Star Wars: The Last Jedi (2017) (PG-13)

I saw the newest "Star Wars" movie on opening weekend but I've resisted writing something about it until now. I'm not exactly sure why I wanted to wait, maybe the initial buzz about it has worn down slightly and I feel I can talk about it, even generally, without being at risk of spoiling and incurring the rage of the devotee. More than likely, I'm just lazy. Whatever the reason, I'm glad I waited because everything that was being written by critics and fans alike started to separate people based on their dedication to the series: die-hard fans and the casual viewer.

This distinction needs to be made, because a lot of the objections to the newest movie have been on the premise that it strays from true "Star Wars" territory in theme, narrative, and dogma (and I don't use that word lightly). Some ardent fans of the universe who have consumed all types of content across many mediums have voiced that this film lacks the je nais se quoi to call it a true "Star Wars" movie. Which begs the question: who was the movie really made for?

"The Force Awakens" was a safe movie. It had a safe plot and nothing too surreal or edgy to cause fans to abandon the newest trilogy. J. J. Abrams is just the kind of director to hire for this and "The Force Awakens" was a success because it played it safe. Having pacified fans and critics that the newest installments in the series were likely to be good, Rian Johnson steps in to take the reigns both directing and writing. If Abrams is safe, Johnson is experimental and it shows immediately.

"The Last Jedi" picks up shortly after "The Force Awakens" ends, as the First Order is attempting to finally eliminate the Resistance once and for all. The First Order has a trifecta of bad men in charge. There's Snoke (Andy Serkis), the Emperor Palpatine of his movies; then there's Kylo Ren (Adam Driver), our series' Darth Vader; and finally General Hux (Domhnall Gleeson)...and you get the idea.

As the First Order closes in on the Resistance, Rey (Daisy Ridley) attempts to convince Luke (Mark Hamill) to come back to the Resistance and fight. Her time with the old Jedi begins the thread that runs through the movie concerning past lives, regrets, and irreversible decisions. Much like the original trilogy, the audience is presented with flawed characters who may or may not be beyond redemption. Johnson seems keen to erase some of the sins of episodes I-III during these moments as his writing reinforces what The Force is and how it operates, and the dichotomy between the good and dark sides of the force.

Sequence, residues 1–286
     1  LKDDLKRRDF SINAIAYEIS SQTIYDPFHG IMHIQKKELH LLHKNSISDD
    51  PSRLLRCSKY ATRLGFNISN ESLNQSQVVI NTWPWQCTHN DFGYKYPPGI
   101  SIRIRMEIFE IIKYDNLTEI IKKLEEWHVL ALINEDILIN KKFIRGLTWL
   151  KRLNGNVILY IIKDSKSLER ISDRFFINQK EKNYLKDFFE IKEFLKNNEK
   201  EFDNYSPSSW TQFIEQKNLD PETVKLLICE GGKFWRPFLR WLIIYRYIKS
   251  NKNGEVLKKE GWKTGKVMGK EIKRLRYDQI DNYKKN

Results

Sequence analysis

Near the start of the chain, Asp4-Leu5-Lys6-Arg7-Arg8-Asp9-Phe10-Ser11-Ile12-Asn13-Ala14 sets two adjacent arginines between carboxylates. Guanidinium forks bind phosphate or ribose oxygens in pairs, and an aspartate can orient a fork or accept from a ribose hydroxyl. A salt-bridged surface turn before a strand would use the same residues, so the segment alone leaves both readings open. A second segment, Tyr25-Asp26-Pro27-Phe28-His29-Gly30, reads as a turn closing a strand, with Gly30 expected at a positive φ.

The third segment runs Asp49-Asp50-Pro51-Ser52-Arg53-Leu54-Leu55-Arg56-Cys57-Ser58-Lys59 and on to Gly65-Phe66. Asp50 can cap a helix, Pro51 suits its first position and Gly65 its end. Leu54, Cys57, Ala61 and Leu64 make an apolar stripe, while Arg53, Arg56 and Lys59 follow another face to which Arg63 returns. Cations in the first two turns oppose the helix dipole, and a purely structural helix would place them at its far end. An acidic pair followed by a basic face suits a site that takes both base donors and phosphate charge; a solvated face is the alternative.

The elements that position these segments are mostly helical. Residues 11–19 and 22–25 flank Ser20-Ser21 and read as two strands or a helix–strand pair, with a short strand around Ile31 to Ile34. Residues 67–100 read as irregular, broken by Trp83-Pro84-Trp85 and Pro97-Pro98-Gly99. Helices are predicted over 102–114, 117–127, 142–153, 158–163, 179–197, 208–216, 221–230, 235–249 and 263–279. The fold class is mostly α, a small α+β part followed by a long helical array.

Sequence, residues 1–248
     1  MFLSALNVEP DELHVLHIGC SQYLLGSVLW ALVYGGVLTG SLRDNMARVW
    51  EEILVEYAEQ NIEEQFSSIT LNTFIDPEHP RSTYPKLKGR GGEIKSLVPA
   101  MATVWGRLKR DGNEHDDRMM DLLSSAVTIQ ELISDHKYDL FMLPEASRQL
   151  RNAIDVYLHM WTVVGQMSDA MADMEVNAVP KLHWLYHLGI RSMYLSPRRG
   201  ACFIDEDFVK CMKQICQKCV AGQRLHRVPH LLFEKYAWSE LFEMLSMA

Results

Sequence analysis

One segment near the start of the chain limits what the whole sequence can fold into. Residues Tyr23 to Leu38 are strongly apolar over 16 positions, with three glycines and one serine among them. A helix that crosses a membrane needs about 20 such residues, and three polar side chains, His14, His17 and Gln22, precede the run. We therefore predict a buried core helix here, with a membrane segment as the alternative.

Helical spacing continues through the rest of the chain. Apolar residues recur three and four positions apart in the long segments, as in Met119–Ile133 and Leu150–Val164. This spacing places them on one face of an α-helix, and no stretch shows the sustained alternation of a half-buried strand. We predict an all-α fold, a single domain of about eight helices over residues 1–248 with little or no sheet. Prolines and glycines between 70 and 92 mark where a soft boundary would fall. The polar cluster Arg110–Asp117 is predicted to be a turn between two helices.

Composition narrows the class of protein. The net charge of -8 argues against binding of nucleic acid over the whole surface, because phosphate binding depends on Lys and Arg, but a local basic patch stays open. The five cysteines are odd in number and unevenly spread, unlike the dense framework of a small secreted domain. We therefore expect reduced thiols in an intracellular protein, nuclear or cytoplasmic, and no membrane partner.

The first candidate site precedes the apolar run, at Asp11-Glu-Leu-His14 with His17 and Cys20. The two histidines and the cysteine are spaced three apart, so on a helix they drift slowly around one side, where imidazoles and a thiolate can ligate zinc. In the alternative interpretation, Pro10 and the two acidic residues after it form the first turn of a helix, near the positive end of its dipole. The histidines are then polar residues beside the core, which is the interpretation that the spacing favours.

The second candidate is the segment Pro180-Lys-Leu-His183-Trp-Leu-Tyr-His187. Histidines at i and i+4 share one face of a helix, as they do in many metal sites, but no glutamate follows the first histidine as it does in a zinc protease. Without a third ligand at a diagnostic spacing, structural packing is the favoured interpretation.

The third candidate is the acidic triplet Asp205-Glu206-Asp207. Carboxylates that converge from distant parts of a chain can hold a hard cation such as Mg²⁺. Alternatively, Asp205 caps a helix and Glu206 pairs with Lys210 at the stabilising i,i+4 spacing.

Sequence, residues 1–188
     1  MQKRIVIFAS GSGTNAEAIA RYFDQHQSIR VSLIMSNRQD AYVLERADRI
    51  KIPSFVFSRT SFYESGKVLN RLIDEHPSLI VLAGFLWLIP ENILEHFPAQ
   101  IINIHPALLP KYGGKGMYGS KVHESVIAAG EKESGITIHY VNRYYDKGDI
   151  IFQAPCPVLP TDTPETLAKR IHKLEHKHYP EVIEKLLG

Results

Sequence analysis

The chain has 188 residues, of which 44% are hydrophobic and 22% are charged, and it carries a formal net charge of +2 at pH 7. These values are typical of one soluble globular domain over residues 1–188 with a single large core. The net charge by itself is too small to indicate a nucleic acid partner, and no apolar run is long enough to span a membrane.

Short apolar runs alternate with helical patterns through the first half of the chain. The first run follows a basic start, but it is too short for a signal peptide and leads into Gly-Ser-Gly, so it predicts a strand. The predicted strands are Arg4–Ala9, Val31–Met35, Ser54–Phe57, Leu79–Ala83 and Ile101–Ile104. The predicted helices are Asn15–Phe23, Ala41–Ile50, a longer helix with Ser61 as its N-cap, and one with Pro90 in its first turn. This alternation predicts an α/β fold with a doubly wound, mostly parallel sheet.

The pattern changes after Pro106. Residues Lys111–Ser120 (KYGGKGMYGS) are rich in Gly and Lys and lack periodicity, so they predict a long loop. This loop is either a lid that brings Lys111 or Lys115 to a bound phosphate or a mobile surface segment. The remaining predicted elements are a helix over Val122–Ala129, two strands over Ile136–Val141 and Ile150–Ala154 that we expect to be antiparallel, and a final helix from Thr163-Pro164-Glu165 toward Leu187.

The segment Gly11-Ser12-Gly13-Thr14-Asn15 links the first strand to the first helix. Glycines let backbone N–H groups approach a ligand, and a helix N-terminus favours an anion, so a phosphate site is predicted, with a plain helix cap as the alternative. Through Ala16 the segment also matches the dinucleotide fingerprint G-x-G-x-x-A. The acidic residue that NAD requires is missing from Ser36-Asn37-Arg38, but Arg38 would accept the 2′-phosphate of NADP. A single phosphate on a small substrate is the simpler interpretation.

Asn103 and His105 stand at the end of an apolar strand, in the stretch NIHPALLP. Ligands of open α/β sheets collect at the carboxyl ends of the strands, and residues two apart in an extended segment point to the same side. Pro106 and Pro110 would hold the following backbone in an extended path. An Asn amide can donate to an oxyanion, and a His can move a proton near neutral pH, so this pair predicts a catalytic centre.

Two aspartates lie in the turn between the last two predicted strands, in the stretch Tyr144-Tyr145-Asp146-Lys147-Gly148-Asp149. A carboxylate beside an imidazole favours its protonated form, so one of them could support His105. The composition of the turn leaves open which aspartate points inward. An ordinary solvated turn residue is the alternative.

With the return of the cast of characters, one rising star becomes clear: women. Women are generals, heroes, villains, strategists, and just as valuable as the men. This is a huge break in the Star Wars world, considering how Leia is the only lead woman in the original trilogy and practically the only woman who speaks in the movies. We can begin to see the beginning of something powerful with Rey in front as the Resistance relies on its female support.

One thing that stands out to me is how the movie treats time. It almost reminded me of Hitchcock's "Rope" (bear with me). The movie's narrative—without giving too much away—takes place in a finite amount of space and time, which loses some of the original 'magic' of the Star Wars world. While it does make for a more compelling action movie, the sense of grandeur the previous movies had, is kind of lost here. To combat this claustrophobic, pressurized sensation, Johnson creates an unnecessarily long diversion that ultimately isn't satisfying.

But, oh, the fight sequences. "The Last Jedi" knows how to handle action well and the almost intimate set pieces of the movie allow the tension to boil like a pressure cooker up to an explosive and very exciting third act, which in all fairness could have been twenty minutes shorter.

So let's return to the question of who the movie was made for. If it was made for the die-hard fans, there are some sequences that I can see being anticlimactic or even annoying; but as the casual viewer, these moments will just be part of the grander spectacle the movie presents. I would agree that this is the least "Star Wars" feeling movie of the new films. The "Star Wars" movies are arguably the biggest movies ever made and Johnson realizes that. His movie is, at times, unapologetically weird but it is made for mass consumption and I don't think I can fault him for that. "The Last Jedi" was made for as many people as possible. It would be interesting to see what would happen if Disney didn't own the rights; but that's another story.

Score: ★★★

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